Bear: The Life and Times of Augustus Owsley Stanley III, a book review by Greg Heffelfinger
© 2016 Grateful Music LLC
After leaving the organization, Bear moved around and Greenfield goes off the path during this period of his life. He talks about Owsley and his children and how he used his time in prison to learn metallurgy. He talked about how it was possible in the nineties to meet Bear at a GD show and buy a handmade belt buckle or pin for crazy amounts of money. Now those buckles and pins are priceless. Greenfield does spend a lot of time discussing Bear's trips to Australia and the building of his home there. He spends a lot of time on Bear's fight with cancer and the end of his life.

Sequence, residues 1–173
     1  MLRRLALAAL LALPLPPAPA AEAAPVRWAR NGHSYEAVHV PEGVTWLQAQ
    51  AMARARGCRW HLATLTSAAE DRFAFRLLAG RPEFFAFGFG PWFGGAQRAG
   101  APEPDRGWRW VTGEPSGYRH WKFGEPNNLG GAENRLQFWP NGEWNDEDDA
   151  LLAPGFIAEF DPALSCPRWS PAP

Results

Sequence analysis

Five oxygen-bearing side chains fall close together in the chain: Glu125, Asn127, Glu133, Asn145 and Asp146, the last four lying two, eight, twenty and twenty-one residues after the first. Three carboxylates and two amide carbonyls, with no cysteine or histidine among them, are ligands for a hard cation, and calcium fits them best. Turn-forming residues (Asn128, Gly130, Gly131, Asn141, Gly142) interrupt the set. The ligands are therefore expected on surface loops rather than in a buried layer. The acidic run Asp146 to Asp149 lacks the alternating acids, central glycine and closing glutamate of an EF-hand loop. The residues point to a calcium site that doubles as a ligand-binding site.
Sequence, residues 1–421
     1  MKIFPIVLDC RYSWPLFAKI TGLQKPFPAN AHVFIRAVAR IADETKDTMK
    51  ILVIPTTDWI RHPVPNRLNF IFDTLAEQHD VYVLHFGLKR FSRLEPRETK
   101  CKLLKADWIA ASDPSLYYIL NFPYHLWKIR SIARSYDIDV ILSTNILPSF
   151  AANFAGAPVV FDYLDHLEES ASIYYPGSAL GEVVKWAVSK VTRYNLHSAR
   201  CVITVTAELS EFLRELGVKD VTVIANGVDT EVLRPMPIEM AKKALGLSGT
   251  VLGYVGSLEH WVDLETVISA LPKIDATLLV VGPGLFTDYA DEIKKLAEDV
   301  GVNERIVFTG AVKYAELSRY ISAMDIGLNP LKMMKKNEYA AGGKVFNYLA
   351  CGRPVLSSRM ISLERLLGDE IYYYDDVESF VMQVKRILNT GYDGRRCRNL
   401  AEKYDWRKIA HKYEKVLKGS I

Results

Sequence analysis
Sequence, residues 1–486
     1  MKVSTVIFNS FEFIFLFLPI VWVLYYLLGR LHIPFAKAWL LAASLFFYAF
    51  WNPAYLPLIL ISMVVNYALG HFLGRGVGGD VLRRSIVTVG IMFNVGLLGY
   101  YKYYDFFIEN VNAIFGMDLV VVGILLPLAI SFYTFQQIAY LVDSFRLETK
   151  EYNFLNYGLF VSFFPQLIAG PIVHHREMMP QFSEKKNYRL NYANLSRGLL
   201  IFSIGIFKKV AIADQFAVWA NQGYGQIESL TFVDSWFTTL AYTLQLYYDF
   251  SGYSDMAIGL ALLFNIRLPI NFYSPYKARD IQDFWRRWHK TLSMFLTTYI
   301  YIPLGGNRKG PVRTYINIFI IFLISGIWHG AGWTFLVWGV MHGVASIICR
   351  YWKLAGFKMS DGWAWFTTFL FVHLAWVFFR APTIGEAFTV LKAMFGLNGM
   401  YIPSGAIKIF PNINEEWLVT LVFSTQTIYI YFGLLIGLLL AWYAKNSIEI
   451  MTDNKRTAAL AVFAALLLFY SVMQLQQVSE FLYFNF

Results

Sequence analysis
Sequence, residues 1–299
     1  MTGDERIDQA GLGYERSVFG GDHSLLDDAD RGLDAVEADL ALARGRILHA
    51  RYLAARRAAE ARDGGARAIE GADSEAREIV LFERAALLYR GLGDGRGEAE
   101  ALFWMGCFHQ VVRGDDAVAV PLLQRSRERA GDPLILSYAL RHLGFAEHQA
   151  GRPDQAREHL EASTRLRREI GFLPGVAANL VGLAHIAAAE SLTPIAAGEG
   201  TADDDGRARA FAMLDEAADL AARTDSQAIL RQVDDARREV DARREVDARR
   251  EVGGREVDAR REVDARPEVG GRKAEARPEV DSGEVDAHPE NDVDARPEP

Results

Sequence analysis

The book is a good read. I hate to call it a beach book but it had the same traits. I read it in maybe two or three consecutive sittings. I think Greenfield just skims the top of his life and the highlights and high lows of his careers. It's not a bad book but if you really want to know more about the man they called Bear, and it is mentioned in Greenfield's book, read the book by his ex-wife, Dr. Rhony Gisson-Stanley, "Owsley and Me". It goes into much more detail about the reason we all know Owsley and if you really want to know as much as possible, read both. At times it seems that Greenfield did his research from Wikipedia or other lightweight sources and he got some great interviews but I feel like Rhony's book was much closer to the real Bear. Owsley made an effort to stay out of the limelight and it sort of worked. Greenfield had his work cut out for him to start with, especially compared to the Rolling Stones, but he only seemed to skim the top of the sine-wave that is Owsley Stanley. It's well-written but I felt like he could've dove deeper. It's a solid B or maybe I'd give it three and a half lightning bolts. Actually, I'd probably give him four bolts because Owsley didn't leave much of a paper trail so it wasn't an easy assignment. "Alice D. Millionaire" was a complicated, highly intelligent, and incredibly talented man. The book gets that across but I don't feel like it's greedy for Greenfield to have given more. For one of the most original, creative, and massive intellects of the 1960's, i just feel like Greenfield could've done more.